The military–industrial complex (MIC) describes the relationship between a nation's military and the defense industry that supplies it, seen together as a vested interest which influences public policy.
A driving factor behind this relationship between the government and defense-minded corporations is that both sides benefit—one side from obtaining war weapons, and the other from being paid to supply them. The term is most often used in reference to the system behind the military of the United States, where it is most prevalent due to close links between defense contractors, the Pentagon and politicians and gained popularity after a warning on its detrimental effects in the farewell address of President Dwight D. Eisenhower on January 17, 1961.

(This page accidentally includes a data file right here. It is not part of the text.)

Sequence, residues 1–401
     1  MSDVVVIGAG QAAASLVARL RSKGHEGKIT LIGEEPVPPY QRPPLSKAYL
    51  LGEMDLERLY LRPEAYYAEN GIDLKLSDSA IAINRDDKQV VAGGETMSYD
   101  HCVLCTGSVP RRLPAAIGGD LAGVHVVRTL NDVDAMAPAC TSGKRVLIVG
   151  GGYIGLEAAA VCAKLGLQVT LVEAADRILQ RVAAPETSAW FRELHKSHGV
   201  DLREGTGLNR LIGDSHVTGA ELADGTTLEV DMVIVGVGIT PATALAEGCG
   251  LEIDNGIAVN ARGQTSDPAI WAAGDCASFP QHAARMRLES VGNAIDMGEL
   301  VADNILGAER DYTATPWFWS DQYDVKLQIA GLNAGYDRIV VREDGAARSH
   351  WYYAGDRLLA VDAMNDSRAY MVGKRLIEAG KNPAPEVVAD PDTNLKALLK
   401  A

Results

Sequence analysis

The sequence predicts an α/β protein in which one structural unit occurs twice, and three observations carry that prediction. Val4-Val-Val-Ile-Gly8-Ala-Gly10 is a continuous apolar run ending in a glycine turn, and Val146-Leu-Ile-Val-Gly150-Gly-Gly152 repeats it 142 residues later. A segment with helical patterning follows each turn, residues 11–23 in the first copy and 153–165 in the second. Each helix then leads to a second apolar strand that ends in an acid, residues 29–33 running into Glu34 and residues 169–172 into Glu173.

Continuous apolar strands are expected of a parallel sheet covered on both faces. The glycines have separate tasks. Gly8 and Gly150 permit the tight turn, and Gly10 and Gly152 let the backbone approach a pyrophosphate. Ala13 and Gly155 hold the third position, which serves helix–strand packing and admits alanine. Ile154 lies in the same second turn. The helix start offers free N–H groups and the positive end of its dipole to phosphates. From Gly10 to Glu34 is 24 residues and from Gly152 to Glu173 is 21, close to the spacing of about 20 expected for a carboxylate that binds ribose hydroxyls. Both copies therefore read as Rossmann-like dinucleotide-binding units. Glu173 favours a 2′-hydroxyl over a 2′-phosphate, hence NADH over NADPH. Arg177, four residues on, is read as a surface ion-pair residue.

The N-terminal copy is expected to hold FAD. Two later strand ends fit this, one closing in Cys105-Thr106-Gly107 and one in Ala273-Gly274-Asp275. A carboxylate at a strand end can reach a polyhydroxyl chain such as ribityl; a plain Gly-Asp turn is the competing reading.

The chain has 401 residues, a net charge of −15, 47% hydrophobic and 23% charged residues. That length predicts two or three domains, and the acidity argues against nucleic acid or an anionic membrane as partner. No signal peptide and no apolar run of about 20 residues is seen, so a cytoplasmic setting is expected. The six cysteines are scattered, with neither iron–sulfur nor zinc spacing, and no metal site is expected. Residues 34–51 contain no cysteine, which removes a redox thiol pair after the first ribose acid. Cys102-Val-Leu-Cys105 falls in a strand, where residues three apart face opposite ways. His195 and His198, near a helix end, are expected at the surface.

In the context of the United States, the appellation is sometimes extended to military–industrial–congressional complex (MICC), adding the U.S. Congress to form a three-sided relationship termed an iron triangle. These relationships include political contributions, political approval for military spending, lobbying to support bureaucracies, and oversight of the industry; or more broadly to include the entire network of contracts and flows of money and resources among individuals as well as corporations and institutions of the defense contractors, private military contractors, The Pentagon, the Congress and executive branch.